by S. Lochlann Jain
The 2007 San Antonio Breast Cancer Symposium (SABCS) raised all of the fascinating questions around the disease and the politics of numbers. Of the many terrifying aspects of cancer, one is the way it forces people to inhabit statistics, that is, to live in that place defined by chance and prognosis. I learned this with my first research into chemotherapy treatments for breast cancer: the results of randomized controlled trials (RCTs) uniformly showed survival increases of about five to seven months with chemotherapeutic regimens. The question I had was, why would anyone spend six months in treatment for only five months of increased survival?
It turns out—unclear in the statistics about survival “increases” and “rates”—that five months present an average. Each individual will either be one of the few people for whom the treatment works or not. Thus, the politics of chemotherapy: how does an individual put herself into a population-based statistic? Of the approximately 65,000 node-negative women a year who receive chemotherapy for breast cancer, only around 5,000 will benefit from it.1 Each person hopes to be in that number, but it’s a gamble. In the terms of risk/benefit that oncologists by definition speak in (the profession has been guided since its inception by statisticians), it is a gamble that many consider worthwhile, although there have been notable exceptions, such as breast cancer activist Rose Kushner, who refused chemotherapy because she believed it was too toxic. Besides, it’s really all there is. So, we are all busy and the oncologist just needs to know: do you want it, or not?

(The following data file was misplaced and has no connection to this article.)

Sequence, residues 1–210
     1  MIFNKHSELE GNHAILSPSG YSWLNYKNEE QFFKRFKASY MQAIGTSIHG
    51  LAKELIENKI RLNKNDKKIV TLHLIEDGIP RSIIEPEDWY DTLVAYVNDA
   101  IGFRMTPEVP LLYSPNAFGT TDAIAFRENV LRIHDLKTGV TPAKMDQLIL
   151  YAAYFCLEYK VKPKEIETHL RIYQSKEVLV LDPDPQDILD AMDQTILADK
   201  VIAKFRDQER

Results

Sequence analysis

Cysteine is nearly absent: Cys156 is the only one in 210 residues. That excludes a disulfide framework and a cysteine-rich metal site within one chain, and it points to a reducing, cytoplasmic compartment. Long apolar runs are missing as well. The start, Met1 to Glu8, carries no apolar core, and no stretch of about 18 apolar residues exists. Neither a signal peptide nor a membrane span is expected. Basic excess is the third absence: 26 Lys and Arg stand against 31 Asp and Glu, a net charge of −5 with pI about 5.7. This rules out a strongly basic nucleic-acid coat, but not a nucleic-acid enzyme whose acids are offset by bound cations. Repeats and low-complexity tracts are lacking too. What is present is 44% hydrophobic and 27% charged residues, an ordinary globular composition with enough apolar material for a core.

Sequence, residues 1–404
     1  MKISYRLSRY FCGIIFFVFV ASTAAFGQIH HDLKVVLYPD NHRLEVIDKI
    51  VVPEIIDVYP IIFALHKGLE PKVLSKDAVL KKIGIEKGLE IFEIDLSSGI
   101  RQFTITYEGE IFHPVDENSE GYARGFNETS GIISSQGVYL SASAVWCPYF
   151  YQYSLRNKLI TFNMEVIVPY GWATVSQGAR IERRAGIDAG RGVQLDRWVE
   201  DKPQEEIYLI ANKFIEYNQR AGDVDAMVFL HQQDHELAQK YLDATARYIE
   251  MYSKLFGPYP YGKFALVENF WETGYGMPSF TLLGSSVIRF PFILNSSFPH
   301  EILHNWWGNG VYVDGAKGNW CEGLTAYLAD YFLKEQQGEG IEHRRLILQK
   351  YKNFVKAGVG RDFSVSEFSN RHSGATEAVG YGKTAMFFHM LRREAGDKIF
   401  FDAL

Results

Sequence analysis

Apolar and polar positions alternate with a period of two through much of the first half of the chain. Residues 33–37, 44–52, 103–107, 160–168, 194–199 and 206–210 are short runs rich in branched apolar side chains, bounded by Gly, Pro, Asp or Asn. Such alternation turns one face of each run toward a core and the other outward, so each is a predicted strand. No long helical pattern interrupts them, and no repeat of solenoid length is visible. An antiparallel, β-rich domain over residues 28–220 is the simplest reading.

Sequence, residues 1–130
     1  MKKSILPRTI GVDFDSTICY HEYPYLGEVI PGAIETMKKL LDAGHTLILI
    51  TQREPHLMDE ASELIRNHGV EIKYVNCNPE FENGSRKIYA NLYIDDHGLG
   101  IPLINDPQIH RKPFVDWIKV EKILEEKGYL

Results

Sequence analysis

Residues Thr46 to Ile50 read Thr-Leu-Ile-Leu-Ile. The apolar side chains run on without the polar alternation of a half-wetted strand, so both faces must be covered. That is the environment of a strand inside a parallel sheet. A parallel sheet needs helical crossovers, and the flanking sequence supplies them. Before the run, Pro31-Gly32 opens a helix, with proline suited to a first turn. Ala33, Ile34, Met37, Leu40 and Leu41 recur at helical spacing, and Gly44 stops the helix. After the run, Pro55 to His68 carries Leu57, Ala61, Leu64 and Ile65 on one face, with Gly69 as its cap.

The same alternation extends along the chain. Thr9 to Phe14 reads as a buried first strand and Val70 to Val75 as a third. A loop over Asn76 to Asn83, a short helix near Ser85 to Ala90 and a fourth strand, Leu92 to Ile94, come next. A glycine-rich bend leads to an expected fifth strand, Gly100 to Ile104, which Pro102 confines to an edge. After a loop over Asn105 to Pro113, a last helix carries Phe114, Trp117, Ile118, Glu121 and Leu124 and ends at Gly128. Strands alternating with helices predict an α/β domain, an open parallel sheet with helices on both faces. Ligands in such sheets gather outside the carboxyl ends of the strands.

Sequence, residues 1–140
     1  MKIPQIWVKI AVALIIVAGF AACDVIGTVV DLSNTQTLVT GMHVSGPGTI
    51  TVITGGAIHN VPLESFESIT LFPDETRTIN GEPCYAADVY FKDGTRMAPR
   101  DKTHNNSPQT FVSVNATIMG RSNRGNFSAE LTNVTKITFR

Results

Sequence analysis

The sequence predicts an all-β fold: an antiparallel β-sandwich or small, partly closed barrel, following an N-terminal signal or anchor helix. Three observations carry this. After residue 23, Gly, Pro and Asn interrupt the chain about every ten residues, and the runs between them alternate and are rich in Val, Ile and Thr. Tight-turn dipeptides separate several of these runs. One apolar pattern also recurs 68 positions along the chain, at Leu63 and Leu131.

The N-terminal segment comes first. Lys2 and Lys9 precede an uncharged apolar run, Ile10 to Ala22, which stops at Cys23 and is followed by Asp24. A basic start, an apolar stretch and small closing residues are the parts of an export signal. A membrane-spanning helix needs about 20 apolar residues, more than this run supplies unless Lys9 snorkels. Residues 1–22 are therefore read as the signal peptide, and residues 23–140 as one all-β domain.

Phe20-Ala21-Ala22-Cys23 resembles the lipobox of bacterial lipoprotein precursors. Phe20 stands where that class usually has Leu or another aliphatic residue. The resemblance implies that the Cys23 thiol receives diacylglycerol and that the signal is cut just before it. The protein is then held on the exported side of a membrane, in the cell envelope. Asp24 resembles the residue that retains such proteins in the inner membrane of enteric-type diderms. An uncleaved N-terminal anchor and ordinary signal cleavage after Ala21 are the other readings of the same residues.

So how do patients, researchers, and physicians make sense of the kinds of information produced by RCTs? Despite the status of RCTs as the “gold standard” in evidence-based medicine, in most instances they are far from what many of us think of as unbiased. The lack of standardized definitions of such basic data points as “time to progression” or “relapse-free survival” means that trials are very difficult, if not impossible, to compare; people are not only analyzed in their groups as having received treatments, but also in terms of “intent” to treat; statistics are widely manipulated, and so on.2,3 The faults and fluidity of RCTs are well known among scientists, and the recent book False Hope, on the failure of RCTs in the introduction of high-dose chemotherapy with autologous bone marrow transplant (HDC/ABMT) as a treatment for breast cancer clearly outlines these issues for a lay and professional reader.4